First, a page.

This week, we received the Pennsylvania Liquor Control Board's semi-secret alternative to liquor store privatization given to legislators-a scheme to preserve its power. This proposal goes beyond the typical PLCB's stunts, such as trying to make wine more convenient by having Pennsylvanians blow into a tube at wine kiosks.
"Alternatives to Privatization" is a blatant attempt to retain power, continue cronyism, increase state debt and charge consumers more.
- More Debt. The PLCB wants to issue $1 billion in new revenue bonds and then use PLCB profits to pay off the bonds for the next 20 or 30 years-a payment of $80 million per year. Sounds just like the Turnpike Commission's plan to borrow more while raising tolls and then tolling I-80, and we know how that turned out.
- Cronyism. The PLCB wants to be exempt from both state Civil Service Act (governing who they can hire) and the Procurement Code (removing any oversight of PLCB contracts).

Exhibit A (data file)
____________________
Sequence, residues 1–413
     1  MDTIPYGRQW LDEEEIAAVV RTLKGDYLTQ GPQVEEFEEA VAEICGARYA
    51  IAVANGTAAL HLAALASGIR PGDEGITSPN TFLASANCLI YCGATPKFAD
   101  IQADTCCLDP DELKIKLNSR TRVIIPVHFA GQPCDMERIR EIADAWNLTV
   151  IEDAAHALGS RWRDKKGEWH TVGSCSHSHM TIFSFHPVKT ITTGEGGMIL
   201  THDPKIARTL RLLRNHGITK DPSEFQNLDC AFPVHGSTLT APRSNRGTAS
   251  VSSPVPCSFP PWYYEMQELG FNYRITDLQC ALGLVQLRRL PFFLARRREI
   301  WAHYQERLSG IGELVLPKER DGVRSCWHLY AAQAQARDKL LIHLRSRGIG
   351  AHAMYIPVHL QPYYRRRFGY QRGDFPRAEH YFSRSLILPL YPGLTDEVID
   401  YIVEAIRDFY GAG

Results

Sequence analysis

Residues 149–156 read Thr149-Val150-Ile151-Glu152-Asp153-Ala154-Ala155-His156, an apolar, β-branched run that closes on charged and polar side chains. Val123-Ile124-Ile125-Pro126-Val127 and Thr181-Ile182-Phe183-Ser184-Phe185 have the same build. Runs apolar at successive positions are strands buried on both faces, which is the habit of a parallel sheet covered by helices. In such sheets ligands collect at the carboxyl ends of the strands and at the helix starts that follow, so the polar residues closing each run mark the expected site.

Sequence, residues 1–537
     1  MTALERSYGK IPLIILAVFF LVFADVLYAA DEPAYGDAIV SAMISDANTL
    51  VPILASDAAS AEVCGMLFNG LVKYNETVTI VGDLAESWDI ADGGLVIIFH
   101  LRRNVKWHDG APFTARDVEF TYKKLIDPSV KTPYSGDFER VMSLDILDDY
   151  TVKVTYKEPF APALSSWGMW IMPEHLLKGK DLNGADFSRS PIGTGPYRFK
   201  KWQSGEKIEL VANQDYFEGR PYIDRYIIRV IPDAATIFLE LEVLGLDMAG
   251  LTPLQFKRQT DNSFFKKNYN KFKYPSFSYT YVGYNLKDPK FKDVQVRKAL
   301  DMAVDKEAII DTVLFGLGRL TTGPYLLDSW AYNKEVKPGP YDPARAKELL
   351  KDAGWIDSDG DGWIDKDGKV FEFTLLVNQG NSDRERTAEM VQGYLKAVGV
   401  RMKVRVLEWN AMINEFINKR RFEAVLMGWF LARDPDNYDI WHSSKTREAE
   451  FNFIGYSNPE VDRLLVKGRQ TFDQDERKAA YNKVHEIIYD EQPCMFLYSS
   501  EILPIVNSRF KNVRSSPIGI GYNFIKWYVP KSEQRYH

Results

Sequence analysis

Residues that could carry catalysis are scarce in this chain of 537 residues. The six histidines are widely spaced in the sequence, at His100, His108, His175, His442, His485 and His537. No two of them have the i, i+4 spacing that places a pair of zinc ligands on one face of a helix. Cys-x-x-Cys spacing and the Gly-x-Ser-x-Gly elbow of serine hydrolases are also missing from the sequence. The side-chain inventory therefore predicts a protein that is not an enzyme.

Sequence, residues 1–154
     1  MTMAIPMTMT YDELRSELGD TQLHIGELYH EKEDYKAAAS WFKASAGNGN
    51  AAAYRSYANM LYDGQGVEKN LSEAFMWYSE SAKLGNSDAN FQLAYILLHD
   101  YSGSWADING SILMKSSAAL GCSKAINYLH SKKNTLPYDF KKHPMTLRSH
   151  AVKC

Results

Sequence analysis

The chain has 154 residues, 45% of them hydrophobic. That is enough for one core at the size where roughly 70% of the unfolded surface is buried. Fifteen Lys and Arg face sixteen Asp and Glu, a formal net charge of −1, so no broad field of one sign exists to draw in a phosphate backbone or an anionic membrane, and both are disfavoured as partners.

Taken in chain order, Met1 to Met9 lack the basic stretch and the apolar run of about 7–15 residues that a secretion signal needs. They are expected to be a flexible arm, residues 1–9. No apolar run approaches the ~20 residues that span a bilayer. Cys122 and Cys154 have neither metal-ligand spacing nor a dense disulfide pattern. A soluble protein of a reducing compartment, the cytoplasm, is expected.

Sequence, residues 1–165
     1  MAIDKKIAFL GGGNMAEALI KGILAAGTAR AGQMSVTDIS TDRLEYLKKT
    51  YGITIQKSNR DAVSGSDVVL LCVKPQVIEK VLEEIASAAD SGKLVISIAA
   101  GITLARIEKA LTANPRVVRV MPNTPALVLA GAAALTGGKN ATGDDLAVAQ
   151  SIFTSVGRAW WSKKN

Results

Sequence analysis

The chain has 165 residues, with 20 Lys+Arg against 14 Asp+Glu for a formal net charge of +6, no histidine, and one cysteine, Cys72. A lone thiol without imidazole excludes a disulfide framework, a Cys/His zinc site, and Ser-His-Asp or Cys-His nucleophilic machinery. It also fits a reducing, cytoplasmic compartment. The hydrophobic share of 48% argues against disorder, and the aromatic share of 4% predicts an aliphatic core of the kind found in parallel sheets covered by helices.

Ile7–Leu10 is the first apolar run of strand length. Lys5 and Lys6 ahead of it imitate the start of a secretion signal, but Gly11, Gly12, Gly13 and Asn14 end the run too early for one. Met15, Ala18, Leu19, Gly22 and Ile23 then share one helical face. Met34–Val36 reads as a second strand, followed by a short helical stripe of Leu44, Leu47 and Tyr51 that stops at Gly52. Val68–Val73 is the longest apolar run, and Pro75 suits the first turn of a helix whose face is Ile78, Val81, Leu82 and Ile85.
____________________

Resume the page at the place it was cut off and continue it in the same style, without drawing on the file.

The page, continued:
- Higher Fees. The PLCB recommends doubling liquor licensing fees for restaurants, golf clubs, bars, hotels, and other private businesses and would also increase fines.
- Imitate the Private Sector. The report acknowledges the problems of the current monopoly system and recommends market based pricing, allowing more wine kiosks to remain open on Sundays, permitting the PLCB to set benefits for workers outside of the state benefit plans, enabling compensation flexibility, selling lottery tickets in state stores and issuing coupons for customers.
In other words, the alternative to privatizing liquor stores is to make state stores function like private stores. Sounds like a good argument for privatization.